My wife is asking whether a woman is obliged to fast when she feels any of the signs of menses, such as dizziness, feeling sick, and pain in the abdomen, and even seeing blood by inserting a piece of cotton into the vagina, but no blood is coming out; rather she feels all of the symptoms for two or three days, then the bleeding starts.
What counts in order to determine whether a woman is menstruating or not is the appearance of blood. If bleeding occurs and the characteristics of the blood match those of menstrual bleeding, namely that it is dark, thick and has an odour, then in this case the woman is deemed to be menstruating.
But if the woman feels some of the precursors of menstruation, such as pain, dizziness or feeling sick, but no bleeding occurs with that, then she is not menstruating and in that case she has to continue praying and fasting.
Shaykh ‘Abd al-‘Azeez ibn Baaz (may Allah have mercy on him) was asked: I am a young woman in my 20s. Sometimes period pains come to me during Ramadan before Zuhr prayer, and it gets so bad that I cannot stand up to pray, and even if I sit down I cannot pray, but the period does not begin until five minutes before the adhaan of Maghrib. Please note that I continue fasting all day long. Is it permissible for me to make up that day or am I regarded as having fasted it?
He (may Allah have mercy on him) replied:
If the period begins and blood comes out before the sun sets, then you should regard yourself as not having fasted, and you have to make up that day. With regard to the pains that occur before that, they do not invalidate the fast. The pain that signals the approach of bleeding does not invalidate the fast. If that pain continues but nothing comes out until the sun has set, then the fast is valid and you do not have to make up that day. But if that blood comes out before sunset, even if it is only five minutes before, then that day’s fast is invalidated and you have to make it up. This is the shar‘i ruling as far as we know.
End quote from Fataawa Noor ‘ala ad-Darb
Shaykh Ibn ‘Uthaymeen (may Allah have mercy on him) was asked: There is a woman whose period began shortly after sunset; is her fast valid?
He (may Allah have mercy on him) replied:
This woman’s fast is valid, even if she felt the symptoms of menses before sunset, such as pain and cramping, but she did not see anything come out until after sunset. So her fast is valid, because what invalidates the fast is the appearance of menstrual blood before sunset, not just feeling it – i.e., the blood must actually come out. And Allah knows best.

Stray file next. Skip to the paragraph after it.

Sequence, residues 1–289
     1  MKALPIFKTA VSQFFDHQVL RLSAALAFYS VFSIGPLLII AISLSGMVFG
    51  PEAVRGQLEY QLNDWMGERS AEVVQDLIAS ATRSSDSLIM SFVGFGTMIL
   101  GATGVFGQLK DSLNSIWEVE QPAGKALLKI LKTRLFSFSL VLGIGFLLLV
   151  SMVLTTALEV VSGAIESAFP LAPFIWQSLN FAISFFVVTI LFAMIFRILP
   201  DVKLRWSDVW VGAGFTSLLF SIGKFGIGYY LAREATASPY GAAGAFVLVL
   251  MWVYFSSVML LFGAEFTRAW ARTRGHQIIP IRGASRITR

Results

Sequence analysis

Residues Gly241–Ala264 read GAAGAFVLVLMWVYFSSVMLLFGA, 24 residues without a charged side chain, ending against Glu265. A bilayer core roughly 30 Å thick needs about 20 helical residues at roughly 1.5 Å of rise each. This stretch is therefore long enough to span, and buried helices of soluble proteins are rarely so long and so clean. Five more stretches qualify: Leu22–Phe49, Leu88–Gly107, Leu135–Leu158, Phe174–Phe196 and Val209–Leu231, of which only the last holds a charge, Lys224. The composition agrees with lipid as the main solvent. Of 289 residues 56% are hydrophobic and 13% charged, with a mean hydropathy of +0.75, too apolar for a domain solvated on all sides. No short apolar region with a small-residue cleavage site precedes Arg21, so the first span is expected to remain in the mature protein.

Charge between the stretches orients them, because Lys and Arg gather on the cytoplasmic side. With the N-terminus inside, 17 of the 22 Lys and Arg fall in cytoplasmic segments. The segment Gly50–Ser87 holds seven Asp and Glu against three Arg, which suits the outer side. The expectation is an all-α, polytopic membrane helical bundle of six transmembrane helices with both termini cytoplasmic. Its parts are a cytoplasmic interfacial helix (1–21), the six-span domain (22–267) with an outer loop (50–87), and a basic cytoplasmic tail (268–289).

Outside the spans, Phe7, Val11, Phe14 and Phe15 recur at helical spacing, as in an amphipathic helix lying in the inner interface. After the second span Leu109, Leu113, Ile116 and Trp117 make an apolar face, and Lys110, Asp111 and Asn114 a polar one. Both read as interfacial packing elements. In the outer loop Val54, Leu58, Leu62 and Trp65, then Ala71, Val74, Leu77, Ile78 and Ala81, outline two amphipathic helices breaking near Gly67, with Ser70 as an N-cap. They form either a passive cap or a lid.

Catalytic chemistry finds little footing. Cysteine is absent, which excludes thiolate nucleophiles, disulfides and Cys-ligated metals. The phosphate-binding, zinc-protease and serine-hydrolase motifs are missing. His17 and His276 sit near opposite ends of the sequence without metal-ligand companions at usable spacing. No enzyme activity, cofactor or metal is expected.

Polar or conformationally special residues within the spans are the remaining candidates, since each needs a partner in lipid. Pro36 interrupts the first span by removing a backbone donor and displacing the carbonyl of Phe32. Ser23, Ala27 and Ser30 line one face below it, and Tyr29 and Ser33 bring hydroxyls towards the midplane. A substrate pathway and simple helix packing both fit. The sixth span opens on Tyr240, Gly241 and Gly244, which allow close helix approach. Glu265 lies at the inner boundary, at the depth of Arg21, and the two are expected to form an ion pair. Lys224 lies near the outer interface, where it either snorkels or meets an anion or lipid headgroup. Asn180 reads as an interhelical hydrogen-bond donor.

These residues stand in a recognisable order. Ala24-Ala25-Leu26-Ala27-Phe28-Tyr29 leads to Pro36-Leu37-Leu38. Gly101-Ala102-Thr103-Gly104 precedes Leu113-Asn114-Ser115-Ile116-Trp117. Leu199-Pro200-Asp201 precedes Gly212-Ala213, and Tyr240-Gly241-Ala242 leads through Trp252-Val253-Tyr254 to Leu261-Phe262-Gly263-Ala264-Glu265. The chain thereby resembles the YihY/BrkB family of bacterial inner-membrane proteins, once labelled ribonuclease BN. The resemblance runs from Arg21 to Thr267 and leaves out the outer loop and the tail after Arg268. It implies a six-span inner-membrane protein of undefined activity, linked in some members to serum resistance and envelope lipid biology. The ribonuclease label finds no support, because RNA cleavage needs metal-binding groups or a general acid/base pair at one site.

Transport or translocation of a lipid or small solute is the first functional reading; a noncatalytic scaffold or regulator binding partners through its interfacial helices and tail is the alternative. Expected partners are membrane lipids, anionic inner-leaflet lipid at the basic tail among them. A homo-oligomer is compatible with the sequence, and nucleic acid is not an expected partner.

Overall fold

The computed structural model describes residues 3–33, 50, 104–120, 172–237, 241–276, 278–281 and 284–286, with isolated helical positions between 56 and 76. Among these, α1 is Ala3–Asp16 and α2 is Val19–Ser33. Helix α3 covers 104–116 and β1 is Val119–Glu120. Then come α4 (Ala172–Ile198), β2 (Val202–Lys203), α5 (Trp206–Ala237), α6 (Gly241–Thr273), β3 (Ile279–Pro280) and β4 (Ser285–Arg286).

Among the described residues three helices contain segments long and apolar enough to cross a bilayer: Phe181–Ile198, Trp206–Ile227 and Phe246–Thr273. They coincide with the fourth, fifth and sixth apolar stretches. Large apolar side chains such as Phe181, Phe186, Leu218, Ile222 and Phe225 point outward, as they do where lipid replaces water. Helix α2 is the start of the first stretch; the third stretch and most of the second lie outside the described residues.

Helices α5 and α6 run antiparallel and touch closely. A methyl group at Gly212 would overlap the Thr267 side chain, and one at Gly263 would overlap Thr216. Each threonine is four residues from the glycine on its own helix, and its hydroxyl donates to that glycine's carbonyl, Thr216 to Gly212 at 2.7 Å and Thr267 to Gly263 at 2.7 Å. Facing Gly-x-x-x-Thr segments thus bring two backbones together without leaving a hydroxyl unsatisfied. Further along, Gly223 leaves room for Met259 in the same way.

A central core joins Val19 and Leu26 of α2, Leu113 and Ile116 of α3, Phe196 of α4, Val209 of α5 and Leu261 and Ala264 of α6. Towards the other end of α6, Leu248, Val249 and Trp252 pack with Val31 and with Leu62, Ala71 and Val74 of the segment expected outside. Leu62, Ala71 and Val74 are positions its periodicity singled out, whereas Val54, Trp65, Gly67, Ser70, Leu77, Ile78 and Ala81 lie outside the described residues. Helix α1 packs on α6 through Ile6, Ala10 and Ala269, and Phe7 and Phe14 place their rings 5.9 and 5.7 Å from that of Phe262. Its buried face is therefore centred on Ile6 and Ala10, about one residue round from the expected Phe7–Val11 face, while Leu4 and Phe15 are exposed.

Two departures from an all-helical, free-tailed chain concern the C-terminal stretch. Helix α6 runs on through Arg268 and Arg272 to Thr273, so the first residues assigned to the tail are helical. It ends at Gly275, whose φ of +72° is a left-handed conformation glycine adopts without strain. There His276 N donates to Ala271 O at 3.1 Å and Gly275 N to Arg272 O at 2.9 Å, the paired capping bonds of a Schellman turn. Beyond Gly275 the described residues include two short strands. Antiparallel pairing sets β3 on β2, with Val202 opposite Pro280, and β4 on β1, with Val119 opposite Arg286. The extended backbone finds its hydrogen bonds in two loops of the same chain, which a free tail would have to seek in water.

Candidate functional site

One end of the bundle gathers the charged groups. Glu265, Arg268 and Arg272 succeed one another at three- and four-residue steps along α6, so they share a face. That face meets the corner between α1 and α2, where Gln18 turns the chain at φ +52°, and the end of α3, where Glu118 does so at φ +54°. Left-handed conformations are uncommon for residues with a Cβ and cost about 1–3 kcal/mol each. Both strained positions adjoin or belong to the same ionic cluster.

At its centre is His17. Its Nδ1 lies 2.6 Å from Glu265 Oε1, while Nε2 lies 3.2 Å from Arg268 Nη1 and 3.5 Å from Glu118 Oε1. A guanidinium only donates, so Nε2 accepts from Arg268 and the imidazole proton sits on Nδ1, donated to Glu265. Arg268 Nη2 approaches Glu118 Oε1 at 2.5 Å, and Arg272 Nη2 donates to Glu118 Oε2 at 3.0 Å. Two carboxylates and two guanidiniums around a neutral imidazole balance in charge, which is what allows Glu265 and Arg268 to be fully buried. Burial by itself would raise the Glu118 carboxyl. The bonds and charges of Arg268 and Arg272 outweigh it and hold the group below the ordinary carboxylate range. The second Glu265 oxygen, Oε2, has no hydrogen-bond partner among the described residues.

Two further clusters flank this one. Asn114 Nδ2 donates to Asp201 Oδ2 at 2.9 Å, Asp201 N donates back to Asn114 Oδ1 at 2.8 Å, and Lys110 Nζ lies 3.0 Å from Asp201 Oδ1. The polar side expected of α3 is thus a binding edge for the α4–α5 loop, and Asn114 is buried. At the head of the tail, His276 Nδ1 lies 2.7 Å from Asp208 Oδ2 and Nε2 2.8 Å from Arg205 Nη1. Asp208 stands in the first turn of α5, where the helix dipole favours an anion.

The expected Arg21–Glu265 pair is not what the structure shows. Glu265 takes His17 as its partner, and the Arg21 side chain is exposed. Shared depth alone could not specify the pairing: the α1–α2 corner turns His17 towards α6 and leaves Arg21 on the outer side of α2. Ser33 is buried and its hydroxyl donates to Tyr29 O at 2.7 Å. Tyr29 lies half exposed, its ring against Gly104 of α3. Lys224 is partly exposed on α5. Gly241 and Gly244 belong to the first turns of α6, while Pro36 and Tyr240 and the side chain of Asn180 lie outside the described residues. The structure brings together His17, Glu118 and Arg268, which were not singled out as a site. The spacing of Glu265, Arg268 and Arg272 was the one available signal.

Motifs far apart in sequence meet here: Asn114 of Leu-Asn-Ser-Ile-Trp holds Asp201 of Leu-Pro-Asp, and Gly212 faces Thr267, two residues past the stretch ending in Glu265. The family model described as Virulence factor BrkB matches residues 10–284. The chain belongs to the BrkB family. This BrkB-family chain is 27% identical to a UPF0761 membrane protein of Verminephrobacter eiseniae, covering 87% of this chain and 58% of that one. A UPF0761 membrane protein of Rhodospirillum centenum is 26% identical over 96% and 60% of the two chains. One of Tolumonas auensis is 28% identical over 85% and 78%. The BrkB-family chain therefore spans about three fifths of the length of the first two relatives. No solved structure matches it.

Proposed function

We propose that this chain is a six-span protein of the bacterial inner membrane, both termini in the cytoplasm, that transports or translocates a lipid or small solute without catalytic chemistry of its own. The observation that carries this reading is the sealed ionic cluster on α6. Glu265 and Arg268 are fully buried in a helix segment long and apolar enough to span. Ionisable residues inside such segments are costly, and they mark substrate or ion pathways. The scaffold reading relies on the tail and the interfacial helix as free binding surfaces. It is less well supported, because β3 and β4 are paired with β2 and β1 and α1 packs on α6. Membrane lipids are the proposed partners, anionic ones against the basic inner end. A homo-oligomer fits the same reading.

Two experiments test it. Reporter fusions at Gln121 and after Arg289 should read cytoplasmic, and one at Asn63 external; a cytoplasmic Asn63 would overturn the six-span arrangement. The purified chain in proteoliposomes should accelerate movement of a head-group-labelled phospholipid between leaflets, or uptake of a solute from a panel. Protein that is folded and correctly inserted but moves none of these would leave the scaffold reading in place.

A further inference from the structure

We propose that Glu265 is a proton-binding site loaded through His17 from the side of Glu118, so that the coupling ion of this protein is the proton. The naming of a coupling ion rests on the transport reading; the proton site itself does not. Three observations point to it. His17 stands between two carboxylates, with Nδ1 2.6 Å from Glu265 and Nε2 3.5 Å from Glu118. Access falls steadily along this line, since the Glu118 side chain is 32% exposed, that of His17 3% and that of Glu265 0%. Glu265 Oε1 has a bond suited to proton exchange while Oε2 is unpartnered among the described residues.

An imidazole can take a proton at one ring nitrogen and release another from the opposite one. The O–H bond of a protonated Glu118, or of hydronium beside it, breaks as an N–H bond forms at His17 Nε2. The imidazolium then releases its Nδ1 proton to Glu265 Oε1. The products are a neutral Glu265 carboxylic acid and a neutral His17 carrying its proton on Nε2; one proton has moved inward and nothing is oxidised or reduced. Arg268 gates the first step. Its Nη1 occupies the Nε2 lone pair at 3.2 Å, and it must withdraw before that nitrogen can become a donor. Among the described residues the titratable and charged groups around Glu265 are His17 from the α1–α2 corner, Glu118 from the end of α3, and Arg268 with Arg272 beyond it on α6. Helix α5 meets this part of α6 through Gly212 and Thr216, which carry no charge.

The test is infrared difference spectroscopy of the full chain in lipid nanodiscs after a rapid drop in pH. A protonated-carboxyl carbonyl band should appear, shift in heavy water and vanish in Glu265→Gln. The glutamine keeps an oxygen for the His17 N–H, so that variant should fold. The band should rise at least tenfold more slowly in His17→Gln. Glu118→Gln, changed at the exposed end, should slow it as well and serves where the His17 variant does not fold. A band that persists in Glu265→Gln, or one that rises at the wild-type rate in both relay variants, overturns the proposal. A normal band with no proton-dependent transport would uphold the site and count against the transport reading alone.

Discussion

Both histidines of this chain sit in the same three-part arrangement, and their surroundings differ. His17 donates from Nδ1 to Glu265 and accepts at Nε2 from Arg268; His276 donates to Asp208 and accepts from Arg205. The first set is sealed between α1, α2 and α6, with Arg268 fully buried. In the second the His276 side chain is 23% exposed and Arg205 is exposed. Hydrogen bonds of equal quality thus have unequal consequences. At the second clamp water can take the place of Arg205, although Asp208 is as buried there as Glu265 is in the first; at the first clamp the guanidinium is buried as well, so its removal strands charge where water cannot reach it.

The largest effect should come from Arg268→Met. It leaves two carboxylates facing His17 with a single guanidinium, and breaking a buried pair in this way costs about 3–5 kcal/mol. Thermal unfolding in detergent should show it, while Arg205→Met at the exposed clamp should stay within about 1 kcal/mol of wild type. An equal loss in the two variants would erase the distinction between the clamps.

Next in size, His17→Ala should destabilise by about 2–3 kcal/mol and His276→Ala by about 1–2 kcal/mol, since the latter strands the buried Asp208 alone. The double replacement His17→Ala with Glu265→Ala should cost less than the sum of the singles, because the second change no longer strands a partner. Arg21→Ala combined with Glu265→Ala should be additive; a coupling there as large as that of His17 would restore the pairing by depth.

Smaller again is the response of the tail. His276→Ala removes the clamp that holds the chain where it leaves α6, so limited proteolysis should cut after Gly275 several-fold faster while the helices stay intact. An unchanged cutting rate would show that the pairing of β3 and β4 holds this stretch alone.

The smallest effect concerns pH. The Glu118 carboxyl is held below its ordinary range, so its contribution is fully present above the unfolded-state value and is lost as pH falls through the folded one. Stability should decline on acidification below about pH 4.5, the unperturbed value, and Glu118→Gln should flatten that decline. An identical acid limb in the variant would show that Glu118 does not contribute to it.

End quote from Majmoo‘ Fataawa Ibn ‘Uthaymeen (19/270)
With regard to a woman inserting a piece of cotton or cloth into the place from which the blood comes out, if she does that before the menstrual bleeding appears – as is the case in the question – then that is not prescribed, because there is no report to that effect from the women of the Sahaabah (may Allah be pleased with them), and because it is a kind of obstinacy, which is blameworthy.
But if that is done to check whether the period has ended, and the aim is to ascertain whether tuhr (colourless discharge signalling the end of menses) has occurred or whether the bleeding has stopped, then there is nothing wrong with this. The women used to send to ‘Aa’ishah (may Allah be pleased with her) a vessel containing pieces of cloth on which there was a yellowish discharge, and she would say: Do not be hasty until you see the white discharge.
Narrated by al-Bukhaari in Chapter on the Beginning and End of Menses
Ibn Hajar (may Allah have mercy on him) said: With regard to the words “Chapter on the Beginning and End of Menses”, the scholars are agreed that the beginning of menses is known from the onset of bleeding at a time when it is possible for menses to occur. But they differed concerning the end of it. It was said that it is known when the bleeding dries up, which is when a piece of cloth inserted into the vagina comes out dry. And it was said that it is known from the white discharge. This is the view towards which the author is inclined, as we shall clarify below.
End quote from Fath al-Baari (1/420)
And Allah knows best.